Crunch time for Marae Moana

Monday March 13, 2017 Written by Published in Environment
Commercial catches (long line and purse seine combined) within various distances from Cook Islands ports. Note that most fish are caught in the 100 to 200 km (54 to 108 nautical mile) zone. Note also the scale is different for each zone, so read the numbers on the horizontal scale (bottom of each graph) to see how much fish is caught). 17031007 Commercial catches (long line and purse seine combined) within various distances from Cook Islands ports. Note that most fish are caught in the 100 to 200 km (54 to 108 nautical mile) zone. Note also the scale is different for each zone, so read the numbers on the horizontal scale (bottom of each graph) to see how much fish is caught). 17031007

SCREENED NOSE: This weekly column is provided by Te Ipukarea Society. It deals with environmental and conservation issues of interest to the Cook Islands.

 

At the 43rd Pacific Leaders Forum in 2012 prime minister Henry Puna formally launched the Cook Islands Marine Park.

Now, five years later, it is time for the Cook Islands government to finally make a decision on what sort of marine park we are going to have for our Marae Moana.

We have heard that at the next sitting of cabinet, on Tuesday, March 14, the prime minister and five MPs who make up this powerful group of decision makers will be making a very important discussion.

These six individuals will decide what the size of the exclusion zones for foreign fishing boats in our Marae Moana Marine Park should be. We do hope the ministers have been provided, with the the information they need to help with their decision, and have read it.

As has been reported earlier, our prime minister has promised 50 nautical mile exclusion zones around all islands at several international meetings in recent years, including at US Secretary of State John Kerry’s State Department Ocean Conference, on June 17, 2014.

However, pressure from the Ministry of Marine Resources is apparently making him have second thoughts. And crunch time is approaching!

The Ministry of Marine Resources (MMR) has been actively pushing for only 24 nautical miles exclusion zones. They also tell us they have consulted with the northern group about how big these no foreign fishing zones will be. However, we now know that in fact the people were told that the protection zones would be increased from 12 miles to 24 miles.

Options for larger zones were not discussed at all. Meanwhile, we believe some of the outer islands consulted recently by our traditional leaders in the southern group have said they prefer 100 nautical mile zones not 24, in order to protect their fishing livelihoods.

If the people of the Cook Islands want to have a say about the size of foreign fishing exclusion zones around our islands, now would be a good time to do so.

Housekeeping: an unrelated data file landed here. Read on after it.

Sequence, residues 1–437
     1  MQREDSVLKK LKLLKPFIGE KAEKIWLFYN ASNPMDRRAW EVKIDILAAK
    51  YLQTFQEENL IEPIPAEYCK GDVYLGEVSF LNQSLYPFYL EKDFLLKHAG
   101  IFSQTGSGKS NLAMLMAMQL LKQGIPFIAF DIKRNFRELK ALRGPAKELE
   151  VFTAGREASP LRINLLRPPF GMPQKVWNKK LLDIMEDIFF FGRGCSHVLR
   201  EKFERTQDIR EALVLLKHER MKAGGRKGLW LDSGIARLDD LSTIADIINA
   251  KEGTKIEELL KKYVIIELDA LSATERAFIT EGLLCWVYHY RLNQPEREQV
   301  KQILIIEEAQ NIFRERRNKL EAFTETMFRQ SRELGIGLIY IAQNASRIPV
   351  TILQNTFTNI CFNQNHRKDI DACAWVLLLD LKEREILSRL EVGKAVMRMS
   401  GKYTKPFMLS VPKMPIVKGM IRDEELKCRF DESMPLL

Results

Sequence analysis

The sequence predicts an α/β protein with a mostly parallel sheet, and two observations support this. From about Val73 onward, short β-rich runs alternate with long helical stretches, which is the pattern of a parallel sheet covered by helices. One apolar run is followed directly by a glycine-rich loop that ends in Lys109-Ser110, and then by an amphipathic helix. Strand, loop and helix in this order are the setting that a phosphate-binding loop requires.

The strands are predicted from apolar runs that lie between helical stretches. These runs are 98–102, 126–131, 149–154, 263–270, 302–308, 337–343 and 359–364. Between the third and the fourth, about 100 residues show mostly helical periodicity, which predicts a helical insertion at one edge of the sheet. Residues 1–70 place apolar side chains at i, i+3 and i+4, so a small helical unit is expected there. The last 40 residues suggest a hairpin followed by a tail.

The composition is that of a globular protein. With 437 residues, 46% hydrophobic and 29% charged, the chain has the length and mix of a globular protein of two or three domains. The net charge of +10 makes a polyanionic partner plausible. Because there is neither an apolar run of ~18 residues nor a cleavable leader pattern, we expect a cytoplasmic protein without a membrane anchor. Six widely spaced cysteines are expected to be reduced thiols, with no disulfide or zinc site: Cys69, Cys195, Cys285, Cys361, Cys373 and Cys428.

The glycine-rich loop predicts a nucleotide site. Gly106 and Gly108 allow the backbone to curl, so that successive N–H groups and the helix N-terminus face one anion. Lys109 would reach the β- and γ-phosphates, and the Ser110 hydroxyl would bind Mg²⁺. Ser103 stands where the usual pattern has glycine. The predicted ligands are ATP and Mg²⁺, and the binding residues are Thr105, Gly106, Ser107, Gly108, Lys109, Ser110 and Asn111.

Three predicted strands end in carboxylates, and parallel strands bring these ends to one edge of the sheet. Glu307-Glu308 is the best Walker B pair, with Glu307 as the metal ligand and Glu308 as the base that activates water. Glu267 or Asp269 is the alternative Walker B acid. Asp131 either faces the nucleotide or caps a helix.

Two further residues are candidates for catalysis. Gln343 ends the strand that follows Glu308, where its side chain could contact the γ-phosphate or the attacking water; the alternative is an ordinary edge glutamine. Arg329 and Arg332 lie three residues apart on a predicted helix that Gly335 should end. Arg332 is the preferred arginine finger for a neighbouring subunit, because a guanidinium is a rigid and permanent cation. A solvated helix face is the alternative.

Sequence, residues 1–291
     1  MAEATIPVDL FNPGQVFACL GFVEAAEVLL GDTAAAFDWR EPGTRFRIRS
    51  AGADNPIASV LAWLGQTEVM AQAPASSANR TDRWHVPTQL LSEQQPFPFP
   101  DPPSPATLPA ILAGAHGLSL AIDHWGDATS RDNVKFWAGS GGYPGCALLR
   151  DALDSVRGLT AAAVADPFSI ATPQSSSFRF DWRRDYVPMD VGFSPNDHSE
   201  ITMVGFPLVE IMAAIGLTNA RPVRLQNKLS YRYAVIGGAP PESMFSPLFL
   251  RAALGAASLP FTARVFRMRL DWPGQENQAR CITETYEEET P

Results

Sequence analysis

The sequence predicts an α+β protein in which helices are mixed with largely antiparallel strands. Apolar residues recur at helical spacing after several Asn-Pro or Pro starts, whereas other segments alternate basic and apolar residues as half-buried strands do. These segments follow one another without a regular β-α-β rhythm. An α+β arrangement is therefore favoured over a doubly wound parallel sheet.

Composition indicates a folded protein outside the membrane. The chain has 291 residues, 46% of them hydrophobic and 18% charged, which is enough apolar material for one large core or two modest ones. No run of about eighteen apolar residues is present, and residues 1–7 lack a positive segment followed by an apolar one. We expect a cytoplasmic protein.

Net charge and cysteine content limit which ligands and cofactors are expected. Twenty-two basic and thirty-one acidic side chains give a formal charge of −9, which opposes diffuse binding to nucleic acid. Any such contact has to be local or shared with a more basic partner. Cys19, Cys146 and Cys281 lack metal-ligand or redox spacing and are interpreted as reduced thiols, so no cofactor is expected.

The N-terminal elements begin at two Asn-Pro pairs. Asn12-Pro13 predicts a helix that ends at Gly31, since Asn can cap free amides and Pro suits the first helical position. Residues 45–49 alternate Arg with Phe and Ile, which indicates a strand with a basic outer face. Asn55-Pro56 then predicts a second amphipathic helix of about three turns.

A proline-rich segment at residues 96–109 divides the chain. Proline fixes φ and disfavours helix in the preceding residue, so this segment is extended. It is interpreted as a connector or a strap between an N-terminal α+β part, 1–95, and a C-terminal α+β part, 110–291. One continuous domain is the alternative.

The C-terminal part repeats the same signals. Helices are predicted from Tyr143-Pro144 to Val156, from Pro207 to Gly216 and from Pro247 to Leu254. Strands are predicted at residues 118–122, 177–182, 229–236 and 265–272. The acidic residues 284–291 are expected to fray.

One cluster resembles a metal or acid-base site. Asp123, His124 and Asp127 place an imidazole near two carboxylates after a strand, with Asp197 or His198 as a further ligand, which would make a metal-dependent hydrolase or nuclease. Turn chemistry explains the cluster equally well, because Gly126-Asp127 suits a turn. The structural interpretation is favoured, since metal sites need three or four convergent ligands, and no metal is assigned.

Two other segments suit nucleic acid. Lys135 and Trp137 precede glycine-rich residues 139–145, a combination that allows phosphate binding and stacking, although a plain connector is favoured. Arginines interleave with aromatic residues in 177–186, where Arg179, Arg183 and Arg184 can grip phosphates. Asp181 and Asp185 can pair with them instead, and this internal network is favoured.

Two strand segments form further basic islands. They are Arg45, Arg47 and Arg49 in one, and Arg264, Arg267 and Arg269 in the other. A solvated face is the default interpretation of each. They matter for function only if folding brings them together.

Information to help inform the choice includes:

•  One nautical mile is 1.84km, or nearly double the distance of 1 kilometer, so don’t get confused! 24nm protected zones around each of our 15 islands = about 6 per cent of our EEZ protected, with 94 per cent still available to foreign fishing boats.

• 50 nautical mile zones = about 20 per cent of our EEZ protected, with 80 per cent still available to foreign fishing boats

•           50 nautical miles around all, but 100 nautical mile around Suwarrow, our National Park, = 25 per cent protected, with about 75 per cent available to foreign fishing boats

•  100nm around each islands = about 45 per cent of our EEZ protected, with 55 per cent available to foreign fishing boats.

In all four cases mentioned above, the majority (over 50 per cent) of Cook Islands’ EEZ will still remain open to foreign fishing vessels.

The secretary for Marine Resources, Ben Ponia, claims that if we have closed zones larger than 24 miles, the foreign fishery cannot survive and we will lose the money we are currently receiving from fishing licences. This is not true, as can be determined from a 2015 report prepared by the Secretariat for the Pacific Community (SPC) for MMR.

This report was only made available because of the Purse Seine Select Committee process late last year. It shows that most of the tuna is caught in the 100-200km zone (further than 50 nautical miles from the islands).

So if we close the closer areas, within 50 miles, for example, the foreign boats will have to fish further away from the islands, in locations where they are still catching most of their fish. This is unlikely to have an impact on their catches.

Meanwhile, as the fish within that 50-mile zone will no longer be caught by foreign boats, some of these will eventually migrate closer to the islands, which will be great for local fishermen.

If you feel strongly about this issue you could contact cabinet, and your own Member of Parliament, letting them know your preference, 24, 50, or 100 miles.

That will, hopefully, help guide their discussion on Tuesday.

Contact email addresses for cabinet ministers:

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